The Mindful Practice of Humility
Ego, ego, ego or why the teacher is always a student
Posted Aug 01, 2008
I took a Yoga class the other day taught by someone with whom I had never before practiced. Before class began, she was walking around, placing straps by everyone's mat. When she got to me, I said - or, more properly, my ego said -- "I'm good."
She was taken slightly off-guard and replied, "We're doing some strap work today." I said, embarrassed, "Oh...sorry...I just don't usually use props." We chatted for a moment about styles of practice, I (of course) managed to work in that I was a Yoga teacher, and we moved on. Or, so I thought.
About halfway through the class, I noticed that she was competing with me. Even better, I noticed that I was competing back! At that point, from the perspective of skillful means, I was goin' to Hell, and I was gonna be first.
We want to be noticed. We want to be, as Winnie-The-Pooh would say, Important People. We do this by interjecting our ego into situations where it is not warranted, usually to our own detriment.
There is a Zen adage that says, "You gather more flowers with an open hand, than a closed fist." As soon as I brought my ego into that Yoga shala, I closed my fist. I was not longer open to the lessons that were being lent, but had to make due with the unavoidable, slap-in-the-face subtext. How often have you done that? More to the point, how many times a day do you do it?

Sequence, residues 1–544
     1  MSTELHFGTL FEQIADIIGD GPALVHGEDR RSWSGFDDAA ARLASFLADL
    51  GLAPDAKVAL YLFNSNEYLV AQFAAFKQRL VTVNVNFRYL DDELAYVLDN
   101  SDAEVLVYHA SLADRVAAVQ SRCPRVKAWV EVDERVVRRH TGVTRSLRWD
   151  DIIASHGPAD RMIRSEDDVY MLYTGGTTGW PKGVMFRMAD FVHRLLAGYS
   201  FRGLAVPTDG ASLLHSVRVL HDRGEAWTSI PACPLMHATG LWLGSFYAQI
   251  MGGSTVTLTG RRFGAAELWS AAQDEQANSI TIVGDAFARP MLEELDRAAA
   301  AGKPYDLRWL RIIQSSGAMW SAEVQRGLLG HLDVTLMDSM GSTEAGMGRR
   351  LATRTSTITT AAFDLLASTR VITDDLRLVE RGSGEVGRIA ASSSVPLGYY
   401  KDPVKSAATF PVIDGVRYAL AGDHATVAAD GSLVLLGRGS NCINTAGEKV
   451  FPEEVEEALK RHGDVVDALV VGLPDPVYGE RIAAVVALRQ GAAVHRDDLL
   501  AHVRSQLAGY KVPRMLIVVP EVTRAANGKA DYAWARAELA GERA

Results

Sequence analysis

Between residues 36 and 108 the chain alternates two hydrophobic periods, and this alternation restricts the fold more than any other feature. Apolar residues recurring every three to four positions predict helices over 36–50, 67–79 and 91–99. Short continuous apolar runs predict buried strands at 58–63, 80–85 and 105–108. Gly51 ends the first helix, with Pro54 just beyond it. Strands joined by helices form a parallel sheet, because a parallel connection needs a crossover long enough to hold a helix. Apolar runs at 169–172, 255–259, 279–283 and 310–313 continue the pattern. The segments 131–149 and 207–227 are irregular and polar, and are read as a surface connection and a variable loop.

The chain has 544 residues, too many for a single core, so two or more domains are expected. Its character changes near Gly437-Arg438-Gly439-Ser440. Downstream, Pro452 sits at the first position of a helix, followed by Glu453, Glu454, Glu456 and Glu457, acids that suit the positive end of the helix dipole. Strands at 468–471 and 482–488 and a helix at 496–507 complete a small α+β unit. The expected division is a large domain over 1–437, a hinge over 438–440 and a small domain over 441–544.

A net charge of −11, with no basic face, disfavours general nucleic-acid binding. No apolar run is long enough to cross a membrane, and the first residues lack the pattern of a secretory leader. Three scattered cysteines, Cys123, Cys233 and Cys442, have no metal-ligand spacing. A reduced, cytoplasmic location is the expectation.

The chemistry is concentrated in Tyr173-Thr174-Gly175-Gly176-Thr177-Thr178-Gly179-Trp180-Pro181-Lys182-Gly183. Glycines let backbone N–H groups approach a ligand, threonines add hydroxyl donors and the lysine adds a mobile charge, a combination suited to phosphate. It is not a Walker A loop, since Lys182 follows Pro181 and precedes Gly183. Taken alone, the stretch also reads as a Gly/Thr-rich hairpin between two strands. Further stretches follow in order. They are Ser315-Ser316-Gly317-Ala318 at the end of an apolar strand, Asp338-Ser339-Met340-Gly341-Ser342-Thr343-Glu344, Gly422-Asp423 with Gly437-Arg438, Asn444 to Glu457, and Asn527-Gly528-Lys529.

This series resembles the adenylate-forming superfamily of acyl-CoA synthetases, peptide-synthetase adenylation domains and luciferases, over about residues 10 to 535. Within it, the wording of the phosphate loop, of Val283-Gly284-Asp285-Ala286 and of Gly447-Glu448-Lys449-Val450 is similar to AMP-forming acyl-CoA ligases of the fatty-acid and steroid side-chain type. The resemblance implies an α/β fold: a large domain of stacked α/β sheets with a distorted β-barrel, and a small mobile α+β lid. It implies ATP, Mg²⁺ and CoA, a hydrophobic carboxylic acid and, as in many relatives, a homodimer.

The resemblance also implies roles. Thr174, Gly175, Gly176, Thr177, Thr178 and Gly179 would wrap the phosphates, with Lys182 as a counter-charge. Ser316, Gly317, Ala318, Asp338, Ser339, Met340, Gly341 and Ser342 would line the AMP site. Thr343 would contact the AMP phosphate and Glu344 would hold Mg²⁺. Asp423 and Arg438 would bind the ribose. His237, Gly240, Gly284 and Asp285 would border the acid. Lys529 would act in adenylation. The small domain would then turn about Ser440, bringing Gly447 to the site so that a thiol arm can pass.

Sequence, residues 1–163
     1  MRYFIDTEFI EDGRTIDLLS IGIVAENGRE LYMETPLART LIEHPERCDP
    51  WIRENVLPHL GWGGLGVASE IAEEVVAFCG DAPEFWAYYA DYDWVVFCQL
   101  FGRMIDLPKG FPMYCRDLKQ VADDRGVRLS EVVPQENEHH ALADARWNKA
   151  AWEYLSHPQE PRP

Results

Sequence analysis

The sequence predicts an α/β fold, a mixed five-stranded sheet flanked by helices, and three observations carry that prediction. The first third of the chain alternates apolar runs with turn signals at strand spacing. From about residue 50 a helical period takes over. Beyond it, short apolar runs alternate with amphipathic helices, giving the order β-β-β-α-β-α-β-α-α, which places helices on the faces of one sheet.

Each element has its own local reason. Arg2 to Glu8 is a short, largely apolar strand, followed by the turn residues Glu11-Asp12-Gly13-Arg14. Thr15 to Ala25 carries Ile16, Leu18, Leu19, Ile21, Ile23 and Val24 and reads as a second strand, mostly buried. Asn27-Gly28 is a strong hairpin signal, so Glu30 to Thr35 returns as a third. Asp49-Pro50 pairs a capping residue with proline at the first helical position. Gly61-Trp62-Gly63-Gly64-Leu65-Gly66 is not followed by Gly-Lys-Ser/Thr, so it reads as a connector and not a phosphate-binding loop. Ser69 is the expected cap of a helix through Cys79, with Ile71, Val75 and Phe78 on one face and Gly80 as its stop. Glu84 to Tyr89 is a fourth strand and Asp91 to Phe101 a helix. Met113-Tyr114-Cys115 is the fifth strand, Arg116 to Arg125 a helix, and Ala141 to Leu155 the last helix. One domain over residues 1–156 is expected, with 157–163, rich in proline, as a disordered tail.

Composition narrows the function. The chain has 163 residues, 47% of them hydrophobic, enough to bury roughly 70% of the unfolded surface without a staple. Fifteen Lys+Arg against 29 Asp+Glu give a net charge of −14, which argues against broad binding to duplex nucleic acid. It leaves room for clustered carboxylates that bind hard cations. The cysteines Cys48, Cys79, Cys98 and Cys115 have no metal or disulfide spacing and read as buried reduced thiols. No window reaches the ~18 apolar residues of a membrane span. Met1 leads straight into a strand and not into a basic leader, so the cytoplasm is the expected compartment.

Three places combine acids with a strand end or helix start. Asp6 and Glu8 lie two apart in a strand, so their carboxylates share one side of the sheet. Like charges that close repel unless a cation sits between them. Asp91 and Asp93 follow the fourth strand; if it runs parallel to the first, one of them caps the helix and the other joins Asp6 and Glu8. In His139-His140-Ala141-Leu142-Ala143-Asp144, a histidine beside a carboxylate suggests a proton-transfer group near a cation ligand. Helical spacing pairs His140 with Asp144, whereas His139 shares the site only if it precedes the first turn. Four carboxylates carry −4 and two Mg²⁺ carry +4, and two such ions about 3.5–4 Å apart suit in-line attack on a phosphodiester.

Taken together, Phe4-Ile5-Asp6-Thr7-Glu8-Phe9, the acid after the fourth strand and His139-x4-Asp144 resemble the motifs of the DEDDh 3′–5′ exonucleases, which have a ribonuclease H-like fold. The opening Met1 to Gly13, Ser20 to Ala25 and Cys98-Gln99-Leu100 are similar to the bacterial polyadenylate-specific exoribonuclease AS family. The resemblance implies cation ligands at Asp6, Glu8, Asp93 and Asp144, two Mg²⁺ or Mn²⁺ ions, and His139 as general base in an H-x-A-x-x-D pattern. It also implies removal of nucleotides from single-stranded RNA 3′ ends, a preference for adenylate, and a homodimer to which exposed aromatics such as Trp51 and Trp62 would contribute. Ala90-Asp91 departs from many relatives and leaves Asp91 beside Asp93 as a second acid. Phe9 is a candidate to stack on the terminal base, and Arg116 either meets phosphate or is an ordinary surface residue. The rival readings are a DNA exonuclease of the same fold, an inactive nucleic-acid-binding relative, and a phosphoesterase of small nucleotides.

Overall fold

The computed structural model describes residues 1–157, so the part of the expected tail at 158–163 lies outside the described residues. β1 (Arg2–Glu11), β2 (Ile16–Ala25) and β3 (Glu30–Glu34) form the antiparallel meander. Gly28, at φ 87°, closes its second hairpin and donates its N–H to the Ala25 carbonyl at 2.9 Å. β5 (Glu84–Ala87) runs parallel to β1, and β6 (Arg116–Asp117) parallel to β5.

More often than not, the interjection of our ego, our need to impose ourselves, our rigidity and need to control are about insecurity and fear. We are afraid to simply be with a situation, we need to be in a situation - embroiled, enmeshed, entangled. We are often inextricably drawn to being engaged, rather than learning to be still - to just be.
If we can learn to subdue the ego and surrender to the moment, rather trying to bully it into submission, I suspect we'd have a much better time of it.
© 2008 Michael J. Formica, All Rights Reserved